Generally, lively ski's have a moderate or softer flex, combined with the construction of the ski (Carbon Fibre instead of Metal, or like in the Shogun's case Bamboo) creates a ski that gives a lot of feedback. This is different then a damp ski. A damp ski will obviously dampening the ride and will seem to transition from a variety of terrain without much change in feel underfoot. Again their is advantages to both. Again, generally, a lively ski, like the Bridge, will chatter more on hard snow and at high speed. Damp ski's will be more stable and transition much smoother from varying snow conditions. By no means does lively = chattery, but definitely more likely then a stiffer, or damp ski. Again depends on what you're looking for.

 

As far as the Shogun goes I think it still is one of the best options for what you're looking for. Compared to the S3 it will be a more smooth ride, slightly more damp, will absorb bumps and changing snow conditions much better, but also will the bambo layer under the topsheet have a decent amount of "life" or responsiveness to the ski. I don't think the Slicer would be what you're looking for, I think it would get throw around a lot more then any of the ski's you test, and have a lower speed limit then even the Bridge.

 

Hope this helps a bit :P

 

post #14 of 20

having owned a slicer i can tell you this, it seems less longitudinally stiff than it really is.  It seems that way due to the "springblade construction" which results in the ski being quite flexible at the tip and tail for some pop on take off and absorption on landing.  The true stiffness of the slicer is found between its contact points on the snow; the part of the ski that is under the traditional camber.  If handflexed, it does feel like a noodle (but look at where its bending, mostly tip and tail i betcha) but it aint that noodley when skiied in my experience.

 

dave

post #15 of 20
Thread Starter 

Hmm thanks mcdave that makes sense. I went in to christy sports today to hand flex some skis haha. They didn't have the slicer, but I was able to compare the Rossi S3 to the Salomon Shogun. The shogun is definitely stiffer, but I don't know if this is a good thing. I wish I had been able to demo this ski. The thing is, I liked the Rossi S3, and thought it held up just fine on the groomers. So do I even need to go stiffer? Does the Shogun sacrifice playfulness, bump skiing, and/or tree skiing for a stiffer, better carver? 

 

Also, I would like a ski that can hit some small cliffs (10 ft.). Is a the softer S3 or the stiffer Shogun tail better for this? Basically I want a ski that can do everything, with an emphasis on powder play and tight trees / bumps. Do you think the Rossi S3 or the Shogun would be the best fit?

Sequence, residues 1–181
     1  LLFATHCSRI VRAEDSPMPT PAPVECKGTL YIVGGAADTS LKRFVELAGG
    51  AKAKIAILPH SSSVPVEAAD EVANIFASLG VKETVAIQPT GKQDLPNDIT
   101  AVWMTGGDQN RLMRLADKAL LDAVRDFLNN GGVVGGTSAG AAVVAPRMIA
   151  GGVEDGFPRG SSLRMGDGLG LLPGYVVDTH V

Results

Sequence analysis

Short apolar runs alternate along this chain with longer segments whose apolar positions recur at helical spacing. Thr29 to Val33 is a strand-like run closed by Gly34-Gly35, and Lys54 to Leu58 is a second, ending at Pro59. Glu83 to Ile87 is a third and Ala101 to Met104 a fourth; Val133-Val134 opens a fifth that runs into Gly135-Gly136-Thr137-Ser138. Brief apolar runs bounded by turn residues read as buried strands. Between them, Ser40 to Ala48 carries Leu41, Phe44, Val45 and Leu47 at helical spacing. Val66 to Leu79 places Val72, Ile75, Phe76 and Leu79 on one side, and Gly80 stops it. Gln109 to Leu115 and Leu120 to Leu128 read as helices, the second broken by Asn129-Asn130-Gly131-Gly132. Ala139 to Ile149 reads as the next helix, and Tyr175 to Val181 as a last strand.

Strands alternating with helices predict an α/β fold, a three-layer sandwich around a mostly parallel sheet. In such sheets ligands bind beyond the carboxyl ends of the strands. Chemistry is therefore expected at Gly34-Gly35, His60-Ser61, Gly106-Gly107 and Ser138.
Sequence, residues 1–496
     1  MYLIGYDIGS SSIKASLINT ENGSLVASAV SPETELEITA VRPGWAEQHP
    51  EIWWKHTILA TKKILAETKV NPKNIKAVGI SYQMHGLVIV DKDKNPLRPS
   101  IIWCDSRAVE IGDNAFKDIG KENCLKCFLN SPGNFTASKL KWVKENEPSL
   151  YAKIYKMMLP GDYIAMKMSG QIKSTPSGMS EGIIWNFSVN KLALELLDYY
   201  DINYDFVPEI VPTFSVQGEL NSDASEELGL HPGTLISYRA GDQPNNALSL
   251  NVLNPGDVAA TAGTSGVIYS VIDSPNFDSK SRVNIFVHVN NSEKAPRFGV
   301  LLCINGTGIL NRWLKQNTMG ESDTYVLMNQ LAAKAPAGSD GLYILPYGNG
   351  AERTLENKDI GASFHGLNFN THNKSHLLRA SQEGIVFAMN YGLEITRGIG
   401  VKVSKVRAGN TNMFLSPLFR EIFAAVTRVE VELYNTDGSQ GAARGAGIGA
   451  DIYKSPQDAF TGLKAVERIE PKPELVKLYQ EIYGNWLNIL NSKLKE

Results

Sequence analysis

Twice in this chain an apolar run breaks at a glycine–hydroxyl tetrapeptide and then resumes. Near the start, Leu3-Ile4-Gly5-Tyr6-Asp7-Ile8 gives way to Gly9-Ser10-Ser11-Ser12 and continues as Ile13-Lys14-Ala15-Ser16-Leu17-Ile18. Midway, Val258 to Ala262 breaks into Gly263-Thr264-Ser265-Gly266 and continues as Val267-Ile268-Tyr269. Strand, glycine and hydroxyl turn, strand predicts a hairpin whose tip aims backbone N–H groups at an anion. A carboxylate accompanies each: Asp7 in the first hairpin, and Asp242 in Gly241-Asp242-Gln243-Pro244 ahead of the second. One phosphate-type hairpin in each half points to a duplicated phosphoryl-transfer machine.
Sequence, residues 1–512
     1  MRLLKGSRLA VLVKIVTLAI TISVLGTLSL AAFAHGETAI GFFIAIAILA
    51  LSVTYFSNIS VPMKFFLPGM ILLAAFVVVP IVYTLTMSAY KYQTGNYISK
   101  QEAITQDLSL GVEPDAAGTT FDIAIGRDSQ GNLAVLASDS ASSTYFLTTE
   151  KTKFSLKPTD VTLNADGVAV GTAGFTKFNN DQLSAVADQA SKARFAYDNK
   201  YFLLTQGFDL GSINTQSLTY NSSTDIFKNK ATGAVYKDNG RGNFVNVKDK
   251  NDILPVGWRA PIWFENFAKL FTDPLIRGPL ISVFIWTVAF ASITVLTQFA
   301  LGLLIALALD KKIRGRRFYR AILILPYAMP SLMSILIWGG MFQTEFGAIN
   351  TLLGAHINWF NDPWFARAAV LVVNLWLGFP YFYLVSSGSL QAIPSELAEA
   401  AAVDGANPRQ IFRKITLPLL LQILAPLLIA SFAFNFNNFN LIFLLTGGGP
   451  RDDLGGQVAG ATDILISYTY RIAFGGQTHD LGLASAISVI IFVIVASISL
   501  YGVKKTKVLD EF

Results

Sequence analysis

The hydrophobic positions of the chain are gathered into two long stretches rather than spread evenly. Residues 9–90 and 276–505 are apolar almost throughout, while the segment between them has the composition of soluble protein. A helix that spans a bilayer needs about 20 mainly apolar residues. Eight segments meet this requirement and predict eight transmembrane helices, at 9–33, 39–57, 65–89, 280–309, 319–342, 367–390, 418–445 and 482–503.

I found a good deal on a last years Rossi S3, and I am really tempted to just get it. Problem is I don't want to be wondering if I should have gotten the Shogun instead!!

post #16 of 20
Quote:
Originally Posted by dcobb View Post

Hmm thanks mcdave that makes sense. I went in to christy sports today to hand flex some skis haha. They didn't have the slicer, but I was able to compare the Rossi S3 to the Salomon Shogun. The shogun is definitely stiffer, but I don't know if this is a good thing. I wish I had been able to demo this ski. The thing is, I liked the Rossi S3, and thought it held up just fine on the groomers. So do I even need to go stiffer? Does the Shogun sacrifice playfulness, bump skiing, and/or tree skiing for a stiffer, better carver? 

 

Also, I would like a ski that can hit some small cliffs (10 ft.). Is a the softer S3 or the stiffer Shogun tail better for this? Basically I want a ski that can do everything, with an emphasis on powder play and tight trees / bumps. Do you think the Rossi S3 or the Shogun would be the best fit?

 

I found a good deal on a last years Rossi S3, and I am really tempted to just get it. Problem is I don't want to be wondering if I should have gotten the Shogun instead!!


Go for the S3's, you've demoed them and you liked them. And they will perform better in bumps and tight trees then the Shoguns. Off small jumps the Shogun would be slightly better.

 

That being said just go for the deal.

 

post #17 of 20

It's the archer not the arrow.

post #18 of 20
Thread Starter 

Wise words teton! Well, I like to have arrows that shoot straight haha. Anyways, I am pleased because I finally ended my search. I found a pair of 10/11 Rossi S3s with Salomon STH 14 Driver bindings, brand new on craigslist. I could only talk him down to 595, but it'll still be a good bit cheaper than buying new, which looks like my only other option for S3s at this point. I'm stoked to get them in some FRESH! I will post an update once I do.

 

Thanks for all the help

post #19 of 20
Quote:
Originally Posted by tetonpwdrjunkie View Post

It's the archer not the arrow.



but a skilled archer picks the best arrows

post #20 of 20
Quote:
Originally Posted by dcobb View Post

Wise words teton! Well, I like to have arrows that shoot straight haha. Anyways, I am pleased because I finally ended my search. I found a pair of 10/11 Rossi S3s with Salomon STH 14 Driver bindings, brand new on craigslist. I could only talk him down to 595, but it'll still be a good bit cheaper than buying new, which looks like my only other option for S3s at this point. I'm stoked to get them in some FRESH! I will post an update once I do.

 

Thanks for all the help



Enjoy the skis! ski.gif